Learn how charges create and move in magnetic fields and how to analyze simple DC circuits in this introductory-level physics course.
Electricity and Magnetism dominate much of the world around us – from the most fundamental processes in nature to cutting edge electronic devices. Electric and magnet fields arise from charged particles. Charged particles also feel forces in electric and magnetic fields. Maxwell’s equations, in addition to describing this behavior, also describes electromagnetic radiation.
In this course, we focus on magnetic fields and forces on charged particles in magnetic fields. We examine different ways of calculating the magnetic field, as well as introducing the ideas of current, resistance and simple direct current (DC) circuits.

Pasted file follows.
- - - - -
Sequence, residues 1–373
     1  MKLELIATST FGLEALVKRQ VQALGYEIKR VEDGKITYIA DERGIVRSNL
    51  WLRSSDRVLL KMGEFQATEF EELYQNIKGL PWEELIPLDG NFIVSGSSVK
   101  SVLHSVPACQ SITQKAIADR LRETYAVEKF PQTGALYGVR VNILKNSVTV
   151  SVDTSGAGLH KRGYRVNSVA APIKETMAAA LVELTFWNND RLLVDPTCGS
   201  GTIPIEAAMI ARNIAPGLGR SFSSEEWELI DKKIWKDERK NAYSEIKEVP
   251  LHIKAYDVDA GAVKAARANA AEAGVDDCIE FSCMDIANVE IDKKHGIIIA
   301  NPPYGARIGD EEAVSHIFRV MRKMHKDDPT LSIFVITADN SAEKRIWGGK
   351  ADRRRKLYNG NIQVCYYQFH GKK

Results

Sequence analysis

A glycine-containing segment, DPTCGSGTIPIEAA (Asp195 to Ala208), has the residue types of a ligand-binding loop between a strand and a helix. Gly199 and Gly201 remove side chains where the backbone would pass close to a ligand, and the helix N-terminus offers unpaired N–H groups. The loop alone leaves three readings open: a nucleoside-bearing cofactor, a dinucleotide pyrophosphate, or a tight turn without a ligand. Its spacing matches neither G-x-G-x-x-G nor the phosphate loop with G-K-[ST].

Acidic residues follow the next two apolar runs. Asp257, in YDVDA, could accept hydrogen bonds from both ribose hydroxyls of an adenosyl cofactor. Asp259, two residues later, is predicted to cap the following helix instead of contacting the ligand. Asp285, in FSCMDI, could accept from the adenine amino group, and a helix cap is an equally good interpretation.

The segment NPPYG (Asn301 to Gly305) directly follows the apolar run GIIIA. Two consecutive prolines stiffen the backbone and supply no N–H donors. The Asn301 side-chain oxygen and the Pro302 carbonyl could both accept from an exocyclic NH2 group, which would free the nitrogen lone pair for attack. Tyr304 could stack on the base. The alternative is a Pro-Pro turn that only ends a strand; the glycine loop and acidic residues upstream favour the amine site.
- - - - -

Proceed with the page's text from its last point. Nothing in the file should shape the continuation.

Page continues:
This is the second course in a series of courses based on an MIT course: 8.02, Electricity and Magnetism, a required introductory physics class for all MIT undergraduates. The series includes:
- 8.02.1x: Electricity and Magnetism: Electrostatics
- 8.02.2x: Electricity and Magnetism: Magnetic Fields and Forces [links to all other pages]
Future modules in the series will cover topics including Faraday's Law, Maxwell's Equations, and Simple DC Circuits and will be announced soon.
This introductory Electromagnetism physics course will require the use of calculus.
What will you learn
- What constitutes simple DC circuits
- How charged particles move in magnetic fields
- What creates magnetic fields
- How to calculate magnetic field strength and direction
- How magnetic dipoles work and how to measure them